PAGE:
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Fifty-four percent of Americans define gluten incorrectly or are unsure what it is, according to a new survey.
Gluten may be a buzzword Americans are familiar with, but new survey results suggest many American consumers are confused about what gluten is and which products it appears in.
Although 90% of Americans have heard of gluten, 54% define gluten incorrectly or are unsure what it is, according to the results of a telephone survey conducted by ORC International on behalf of NSF International (Ann Arbor, MI).
The most widely held misconceptions were that gluten is a protein found in all carbohydrates or that it is simply wheat (held by 20% of respondents), or that products that are wheat-free are also gluten-free (held by 26% of respondents). Only 35% of respondents could accurately identify gluten as a protein found in wheat and other grains such as barley and rye.
Many respondents were also confused about which foods do or do not contain gluten. Among respondents who had heard of gluten, 47% incorrectly identified rice as containing gluten and 34% incorrectly identified potatoes as containing gluten, while 41% failed to identify beer as containing gluten and 58% failed to identify salad dressings as containing gluten. Spices/flavors and dietary supplements were also overlooked as potential gluten-containing foods, with 75% and 62% of consumers failing to realize those products may contain gluten, respectively. (All statistics in the rest of this article, including the previous sentence, are based only on those consumers who had heard of gluten).
“The survey suggests a need for education and a clearer way to identify gluten-free food and ingredients for Americans that desire a gluten-free diet,” says a press release from NSF International. “This knowledge gap on where gluten is found can become problematic for those looking to buy gluten-free.”
Misperceptions of Labels and Regulations
If consumers are confused about which ingredients contain gluten, then it’s additionally problematic that 46% of respondents would first view the list of ingredients on product packaging to check for gluten. Further, more than half of respondents (54%) incorrectly believe products that use the words gluten-free are verified to be free from gluten, and only 31% of respondents would look for a gluten-free seal or mark as the first step to check if a product contains gluten.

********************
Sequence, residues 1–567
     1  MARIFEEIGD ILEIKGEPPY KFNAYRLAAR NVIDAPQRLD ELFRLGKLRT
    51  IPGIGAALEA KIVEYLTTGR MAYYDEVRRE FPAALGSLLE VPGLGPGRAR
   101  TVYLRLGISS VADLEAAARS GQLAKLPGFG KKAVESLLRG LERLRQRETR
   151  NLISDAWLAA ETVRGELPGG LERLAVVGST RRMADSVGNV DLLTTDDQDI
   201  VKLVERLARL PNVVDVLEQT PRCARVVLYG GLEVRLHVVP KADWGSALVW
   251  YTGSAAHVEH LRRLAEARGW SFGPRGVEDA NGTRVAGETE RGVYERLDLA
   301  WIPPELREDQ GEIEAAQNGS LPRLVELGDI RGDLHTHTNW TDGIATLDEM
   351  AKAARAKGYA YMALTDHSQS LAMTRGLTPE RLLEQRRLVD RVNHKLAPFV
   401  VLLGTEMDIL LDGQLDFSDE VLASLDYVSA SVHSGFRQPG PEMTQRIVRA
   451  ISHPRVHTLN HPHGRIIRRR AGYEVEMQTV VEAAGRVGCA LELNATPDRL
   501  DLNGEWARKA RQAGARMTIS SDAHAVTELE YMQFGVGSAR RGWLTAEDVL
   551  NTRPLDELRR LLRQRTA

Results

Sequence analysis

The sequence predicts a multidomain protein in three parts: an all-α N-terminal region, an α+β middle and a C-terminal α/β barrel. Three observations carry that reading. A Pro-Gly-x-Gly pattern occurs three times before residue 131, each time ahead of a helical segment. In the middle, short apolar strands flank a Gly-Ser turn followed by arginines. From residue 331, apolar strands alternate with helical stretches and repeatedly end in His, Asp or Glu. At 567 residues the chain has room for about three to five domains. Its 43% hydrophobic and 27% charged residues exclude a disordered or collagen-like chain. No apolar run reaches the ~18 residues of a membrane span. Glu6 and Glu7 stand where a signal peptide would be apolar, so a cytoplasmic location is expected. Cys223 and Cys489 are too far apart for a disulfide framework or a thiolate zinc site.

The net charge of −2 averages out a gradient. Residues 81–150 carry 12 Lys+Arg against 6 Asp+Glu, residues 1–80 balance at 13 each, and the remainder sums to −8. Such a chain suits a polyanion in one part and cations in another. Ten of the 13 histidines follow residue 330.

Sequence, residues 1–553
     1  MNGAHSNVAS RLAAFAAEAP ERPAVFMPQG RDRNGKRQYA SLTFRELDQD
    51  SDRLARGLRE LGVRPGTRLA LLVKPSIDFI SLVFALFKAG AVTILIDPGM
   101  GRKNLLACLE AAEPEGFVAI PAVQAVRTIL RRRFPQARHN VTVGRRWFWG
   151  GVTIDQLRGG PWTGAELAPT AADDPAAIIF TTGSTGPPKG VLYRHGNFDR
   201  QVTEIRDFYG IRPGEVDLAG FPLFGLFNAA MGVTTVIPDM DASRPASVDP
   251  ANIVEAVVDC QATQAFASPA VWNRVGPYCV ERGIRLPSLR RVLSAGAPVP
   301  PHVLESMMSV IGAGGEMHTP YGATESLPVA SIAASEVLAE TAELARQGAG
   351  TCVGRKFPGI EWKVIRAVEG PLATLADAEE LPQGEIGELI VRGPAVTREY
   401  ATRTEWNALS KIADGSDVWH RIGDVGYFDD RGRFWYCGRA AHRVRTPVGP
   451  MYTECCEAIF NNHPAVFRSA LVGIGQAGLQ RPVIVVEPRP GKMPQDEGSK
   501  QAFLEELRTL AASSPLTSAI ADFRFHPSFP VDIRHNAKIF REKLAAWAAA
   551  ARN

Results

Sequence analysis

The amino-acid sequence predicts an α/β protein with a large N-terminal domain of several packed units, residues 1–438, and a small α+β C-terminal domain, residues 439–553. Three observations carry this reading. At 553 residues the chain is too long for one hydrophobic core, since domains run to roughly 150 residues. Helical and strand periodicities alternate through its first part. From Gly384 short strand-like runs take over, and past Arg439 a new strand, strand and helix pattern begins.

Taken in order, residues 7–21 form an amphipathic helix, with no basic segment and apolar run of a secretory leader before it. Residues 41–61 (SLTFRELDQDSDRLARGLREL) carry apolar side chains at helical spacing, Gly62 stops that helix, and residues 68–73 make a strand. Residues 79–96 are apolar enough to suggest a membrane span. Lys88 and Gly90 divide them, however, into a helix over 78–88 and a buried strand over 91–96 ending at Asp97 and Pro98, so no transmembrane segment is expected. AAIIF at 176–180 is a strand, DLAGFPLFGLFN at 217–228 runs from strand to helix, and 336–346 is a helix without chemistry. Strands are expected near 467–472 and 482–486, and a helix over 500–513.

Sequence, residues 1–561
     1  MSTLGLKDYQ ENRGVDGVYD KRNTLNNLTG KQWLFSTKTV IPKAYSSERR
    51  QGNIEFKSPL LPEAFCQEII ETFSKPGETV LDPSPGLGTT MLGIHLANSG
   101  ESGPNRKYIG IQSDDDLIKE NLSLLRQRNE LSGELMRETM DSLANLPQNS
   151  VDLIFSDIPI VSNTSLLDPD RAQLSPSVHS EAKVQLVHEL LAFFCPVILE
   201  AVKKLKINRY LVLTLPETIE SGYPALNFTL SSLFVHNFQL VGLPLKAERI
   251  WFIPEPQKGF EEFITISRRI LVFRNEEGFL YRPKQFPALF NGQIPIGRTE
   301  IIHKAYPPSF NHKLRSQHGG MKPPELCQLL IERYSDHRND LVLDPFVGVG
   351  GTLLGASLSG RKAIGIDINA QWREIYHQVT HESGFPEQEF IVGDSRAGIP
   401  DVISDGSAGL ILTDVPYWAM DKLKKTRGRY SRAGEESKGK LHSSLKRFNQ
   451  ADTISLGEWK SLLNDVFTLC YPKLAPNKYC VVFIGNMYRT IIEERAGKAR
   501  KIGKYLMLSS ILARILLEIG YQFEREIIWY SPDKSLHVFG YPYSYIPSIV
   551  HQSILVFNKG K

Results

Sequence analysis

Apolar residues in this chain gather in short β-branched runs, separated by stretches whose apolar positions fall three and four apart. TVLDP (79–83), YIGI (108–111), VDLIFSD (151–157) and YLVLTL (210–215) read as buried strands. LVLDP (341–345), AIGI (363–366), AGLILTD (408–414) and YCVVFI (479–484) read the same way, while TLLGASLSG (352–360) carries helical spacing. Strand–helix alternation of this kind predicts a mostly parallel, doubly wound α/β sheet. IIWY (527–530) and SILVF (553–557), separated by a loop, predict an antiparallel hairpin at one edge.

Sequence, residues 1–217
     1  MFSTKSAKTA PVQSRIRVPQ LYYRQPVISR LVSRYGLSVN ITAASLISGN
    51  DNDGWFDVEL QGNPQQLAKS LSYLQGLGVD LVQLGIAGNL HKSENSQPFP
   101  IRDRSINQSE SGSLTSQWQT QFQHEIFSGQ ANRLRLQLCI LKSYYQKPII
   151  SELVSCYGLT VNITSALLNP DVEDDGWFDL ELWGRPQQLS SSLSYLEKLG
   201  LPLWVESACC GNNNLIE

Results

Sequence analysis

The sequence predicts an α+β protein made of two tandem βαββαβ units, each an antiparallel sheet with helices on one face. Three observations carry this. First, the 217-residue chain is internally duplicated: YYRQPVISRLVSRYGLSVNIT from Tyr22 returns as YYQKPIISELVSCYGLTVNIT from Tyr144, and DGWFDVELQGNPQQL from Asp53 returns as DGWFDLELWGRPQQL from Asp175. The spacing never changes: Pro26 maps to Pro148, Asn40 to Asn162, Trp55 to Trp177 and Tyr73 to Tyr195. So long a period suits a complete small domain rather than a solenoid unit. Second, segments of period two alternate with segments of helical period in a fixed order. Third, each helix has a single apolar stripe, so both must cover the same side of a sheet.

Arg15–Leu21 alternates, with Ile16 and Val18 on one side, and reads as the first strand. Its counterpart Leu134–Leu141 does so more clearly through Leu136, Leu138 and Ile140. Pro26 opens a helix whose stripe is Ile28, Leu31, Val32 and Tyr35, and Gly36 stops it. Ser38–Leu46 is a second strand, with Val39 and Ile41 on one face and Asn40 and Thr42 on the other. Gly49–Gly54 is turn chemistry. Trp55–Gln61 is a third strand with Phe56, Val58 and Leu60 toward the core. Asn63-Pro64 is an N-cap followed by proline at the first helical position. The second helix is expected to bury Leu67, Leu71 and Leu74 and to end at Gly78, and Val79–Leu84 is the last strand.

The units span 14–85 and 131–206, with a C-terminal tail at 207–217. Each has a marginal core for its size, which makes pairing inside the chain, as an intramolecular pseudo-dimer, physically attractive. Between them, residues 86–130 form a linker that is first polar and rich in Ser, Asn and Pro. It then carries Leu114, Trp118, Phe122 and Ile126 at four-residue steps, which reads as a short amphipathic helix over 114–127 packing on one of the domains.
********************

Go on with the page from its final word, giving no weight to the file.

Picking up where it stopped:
There also appears to be an awareness gap about the regulation of gluten-free claims. Just 43% of respondents correctly believe the government regulates gluten-free claims on processed foods, while 33% of respondents incorrectly believe the government regulates claims made on restaurant and bakery menus.
Why Go Gluten-Free?
The top reason why respondents adopt a gluten-free lifestyle is due to a gluten allergy or sensitivity that causes stomach pain, bloating, vomiting, or intestinal issues (cited by 19% of respondents). Another 12% of respondents say they follow a gluten-free diet because it makes them feel healthier, and 9% of respondents self-identify as having Celiac disease.
The difference between the attitudes of younger adults (aged 18-34) and older adults (aged 65 and older) was also striking in the survey. Younger adults were more likely than older adults to claim to know what gluten is (62% vs. 48%), look for a gluten-free seal or mark first to determine if a product contains gluten (36% vs. 25%), or follow a gluten-free diet to lose weight (11% vs. 5%).
The ORC International survey included a sample of 1,012 adults living in the continental United States, aged 18 and older. Final data was then weighted by age, gender, region, race/ethnicity, and education to be representative of the U.S. adult population. The survey was fielded May 14 – 17, and included randomly selected landline and mobile telephone numbers. Results have a margin of error of +/-3% at the 95% confidence level.
Nutritional Outlook Magazine